The effects of Traumatic Brain Injury and mental illness are often devastating. These disorders not only make life difficult for the person afflicted, they also impact their family, friends and co-workers. The person with traumatic brain injury can experience memory loss, extreme personality changes and depression, among other behaviors. Before long they find they are not living the same quality of life they once were. In turn, their loved ones are living with a person quite unlike the person they have come to know and care about.
Unfortunately, these injuries are far too common among military veterans, who have suffered concussions while serving in theaters of war. The NFL and other sports organizations have also considered the impact of brain injury from frequent and repeated concussions. Children and young athletes are also susceptible to such injuries. CereScan is leading the way to finding proper treatment for these conditions.
This week on Connect & Collaborate with ICOSA, we talk with John Kelley, Chairman and CEO of CereScan. CereScan is a Denver-based company using new technology to help doctors see the behavior and activity of the working mind, in real time. This technology helps to identify ADD/ADHD, Alzheimer’s disease, dementia; anxiety disorder; bipolar disorder; depression; OCD; Parkinson disease; toxic brain injury; and traumatic brain injury.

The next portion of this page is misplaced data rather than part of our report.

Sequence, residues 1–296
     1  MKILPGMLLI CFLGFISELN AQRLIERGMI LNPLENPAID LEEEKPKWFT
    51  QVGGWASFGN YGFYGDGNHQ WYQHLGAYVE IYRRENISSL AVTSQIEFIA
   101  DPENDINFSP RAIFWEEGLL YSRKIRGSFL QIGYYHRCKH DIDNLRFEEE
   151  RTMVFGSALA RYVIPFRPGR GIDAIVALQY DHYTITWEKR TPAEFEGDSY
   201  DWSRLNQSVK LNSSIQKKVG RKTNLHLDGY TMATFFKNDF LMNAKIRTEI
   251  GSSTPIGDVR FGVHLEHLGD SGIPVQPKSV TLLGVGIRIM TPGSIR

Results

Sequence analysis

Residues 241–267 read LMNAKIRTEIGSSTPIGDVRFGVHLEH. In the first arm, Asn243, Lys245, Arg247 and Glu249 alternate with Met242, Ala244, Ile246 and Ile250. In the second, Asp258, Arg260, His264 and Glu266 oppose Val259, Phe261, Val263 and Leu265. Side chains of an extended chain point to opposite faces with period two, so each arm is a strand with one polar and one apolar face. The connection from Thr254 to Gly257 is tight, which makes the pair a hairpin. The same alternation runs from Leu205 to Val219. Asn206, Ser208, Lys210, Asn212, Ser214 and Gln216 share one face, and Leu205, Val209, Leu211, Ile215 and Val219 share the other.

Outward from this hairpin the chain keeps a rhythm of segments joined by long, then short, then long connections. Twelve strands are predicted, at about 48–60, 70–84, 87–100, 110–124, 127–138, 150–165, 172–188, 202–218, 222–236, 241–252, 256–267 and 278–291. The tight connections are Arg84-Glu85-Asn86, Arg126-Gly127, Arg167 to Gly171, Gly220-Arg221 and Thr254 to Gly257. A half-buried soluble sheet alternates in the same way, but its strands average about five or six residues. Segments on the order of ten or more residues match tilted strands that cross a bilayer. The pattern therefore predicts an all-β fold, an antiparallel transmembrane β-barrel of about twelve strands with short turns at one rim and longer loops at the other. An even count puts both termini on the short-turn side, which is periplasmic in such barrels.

Unlike an MRI, which looks at the physical structure of the brain, and helps to diagnose injuries or tumors, SPECT (SPECT, according to the Mayo Clinic, is a “single-photon emission computerized tomography) measures the glucose being employed by brain cells, revealing 5-7 million data points, which provide a more detailed picture of brain injury. With that information, doctors are able to determine more effective treatment.
This hour is packed with information on treatment for brain injury and the likelihood of success. If you know someone suffering from Traumatic Brain Injury or mental illness, you won’t want to miss it.
Listen Saturday at 10:00 AM on KNUS 710 – Please let us know what you think of our program, either by commenting here or on Facebook at Connect & Collaborate with ICOSA or join the discussion on Twitter @ICOSAMagazine.